University of Tasmania unveils timber campus redevelopment in Launceston
Author: David Rowlinson
Article first appeared in Architecture AU
The University of Tasmania has unveiled designs for the first engineered timber building to be developed as part of its $334 million Northern Transformation Project at its Inveresk campus in Launceston. The proposed library and student experience building, designed by John Wardle Architects, will form part of stage one in the redevelopment and will be the centrepiece of a new precinct plan for the campus, itself designed by John Wardle Architects and Tasmanian practice 1+2 Architecture.
“The new Student Experiences building will be a contemporary place for people to connect with one another and to continue in the long traditions of the site to gather, drawing in people from all regions of northern Tasmania to share and create new and other experiences,” said Jane Williams, principal of John Wardle Architects.
The University of Tasmania Vice-Chancellor Professor Rufus Black said, “This is a thoughtfully designed building that will nest within the existing buildings and rooflines of Inveresk. It speaks to and respects the industrial heritage around it through its form and materials, but it is a thoroughly modern and exciting building that will serve the needs of today’s students and those of tomorrow.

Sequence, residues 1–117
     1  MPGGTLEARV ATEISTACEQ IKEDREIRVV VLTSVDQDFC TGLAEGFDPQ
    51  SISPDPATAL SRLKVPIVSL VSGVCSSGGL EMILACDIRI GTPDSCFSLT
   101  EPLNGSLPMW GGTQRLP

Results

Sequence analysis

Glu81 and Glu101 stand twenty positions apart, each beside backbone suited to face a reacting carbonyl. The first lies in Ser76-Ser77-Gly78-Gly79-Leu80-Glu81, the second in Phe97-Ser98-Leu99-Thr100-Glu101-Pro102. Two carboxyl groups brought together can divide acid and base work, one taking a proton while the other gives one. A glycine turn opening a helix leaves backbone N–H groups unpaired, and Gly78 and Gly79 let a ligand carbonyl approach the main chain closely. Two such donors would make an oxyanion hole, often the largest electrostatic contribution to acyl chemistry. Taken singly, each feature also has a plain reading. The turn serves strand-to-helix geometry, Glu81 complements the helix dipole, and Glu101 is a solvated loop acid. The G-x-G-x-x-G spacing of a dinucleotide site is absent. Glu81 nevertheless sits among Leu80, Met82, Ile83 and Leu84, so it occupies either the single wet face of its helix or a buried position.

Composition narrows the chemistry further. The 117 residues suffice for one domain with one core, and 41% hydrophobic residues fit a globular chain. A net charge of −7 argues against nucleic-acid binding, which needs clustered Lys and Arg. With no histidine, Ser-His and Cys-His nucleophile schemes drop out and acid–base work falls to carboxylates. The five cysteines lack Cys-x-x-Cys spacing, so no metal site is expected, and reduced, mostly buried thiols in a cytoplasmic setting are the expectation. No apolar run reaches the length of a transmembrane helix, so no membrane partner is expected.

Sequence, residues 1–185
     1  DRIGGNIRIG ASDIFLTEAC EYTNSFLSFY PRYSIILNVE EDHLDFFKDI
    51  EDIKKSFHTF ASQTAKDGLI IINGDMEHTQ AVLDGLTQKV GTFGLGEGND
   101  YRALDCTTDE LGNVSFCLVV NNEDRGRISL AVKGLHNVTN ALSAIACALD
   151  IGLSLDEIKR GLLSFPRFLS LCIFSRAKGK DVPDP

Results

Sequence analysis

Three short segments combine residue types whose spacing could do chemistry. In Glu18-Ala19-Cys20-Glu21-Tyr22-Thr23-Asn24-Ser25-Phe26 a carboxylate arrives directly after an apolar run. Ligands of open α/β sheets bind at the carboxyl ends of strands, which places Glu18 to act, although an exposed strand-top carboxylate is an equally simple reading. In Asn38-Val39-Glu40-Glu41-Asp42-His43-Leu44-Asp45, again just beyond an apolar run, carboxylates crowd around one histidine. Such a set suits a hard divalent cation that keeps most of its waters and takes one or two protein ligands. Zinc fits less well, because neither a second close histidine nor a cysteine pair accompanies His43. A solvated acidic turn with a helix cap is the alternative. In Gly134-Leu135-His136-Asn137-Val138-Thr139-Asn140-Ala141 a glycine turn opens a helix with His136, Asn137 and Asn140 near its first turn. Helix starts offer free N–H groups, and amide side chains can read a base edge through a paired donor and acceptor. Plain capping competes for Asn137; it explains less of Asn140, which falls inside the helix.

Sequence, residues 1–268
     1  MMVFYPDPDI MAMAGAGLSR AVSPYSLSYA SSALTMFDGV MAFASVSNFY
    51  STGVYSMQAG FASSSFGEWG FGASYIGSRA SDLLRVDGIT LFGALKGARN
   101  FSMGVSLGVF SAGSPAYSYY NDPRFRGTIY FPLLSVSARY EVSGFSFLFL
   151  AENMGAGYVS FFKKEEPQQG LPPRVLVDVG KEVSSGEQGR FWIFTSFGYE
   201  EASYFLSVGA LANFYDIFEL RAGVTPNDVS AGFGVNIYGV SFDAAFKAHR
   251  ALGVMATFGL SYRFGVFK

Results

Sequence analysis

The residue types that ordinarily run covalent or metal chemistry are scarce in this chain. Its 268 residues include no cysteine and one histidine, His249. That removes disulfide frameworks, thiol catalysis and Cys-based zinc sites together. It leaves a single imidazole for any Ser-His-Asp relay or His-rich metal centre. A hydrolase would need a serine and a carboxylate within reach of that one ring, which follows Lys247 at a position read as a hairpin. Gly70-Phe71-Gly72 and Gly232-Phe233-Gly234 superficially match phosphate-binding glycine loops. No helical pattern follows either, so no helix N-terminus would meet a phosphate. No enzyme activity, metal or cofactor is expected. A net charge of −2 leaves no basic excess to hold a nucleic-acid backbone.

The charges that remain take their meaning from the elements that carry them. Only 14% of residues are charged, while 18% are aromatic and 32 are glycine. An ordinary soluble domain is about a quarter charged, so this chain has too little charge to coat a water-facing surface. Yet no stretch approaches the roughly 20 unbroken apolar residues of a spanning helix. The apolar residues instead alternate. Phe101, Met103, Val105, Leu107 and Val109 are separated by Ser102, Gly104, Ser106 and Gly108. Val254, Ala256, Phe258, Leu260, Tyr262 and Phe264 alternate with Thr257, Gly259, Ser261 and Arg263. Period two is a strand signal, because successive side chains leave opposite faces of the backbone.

“As we promised, this is also contemporary timber building. It uses engineered timbers for its three-story structure and throughout the internal fit out. It will be a living demonstration of how we can use timber to construct large buildings in Tasmania.”
Stage one will also include a pedestrian bridge across the North Esk River to the Willis Street site, which will be home to a health science and research building, to be completed by 2024 as part of stage three, as well as townhouse style student accommodation buildings.
Stage two will include a learning and teaching building, to be completed by 2023, which will be located adjacent to the existing School of Architecture. Both the library building and learning and teaching building will face onto a proposed University Square that will be situated along a central spine linking two sites across the river. This spine will also include active recreation facilities.
“The campus is designed for today’s students and life-long learning, so we can work with the community to lift educational attainment and address disadvantage. Our research facilities will enable us to partner with industry to grow their businesses and to see start-ups create more new jobs for the region,” Black said.
Author: David RowlinsonMake it Wood Program Manager
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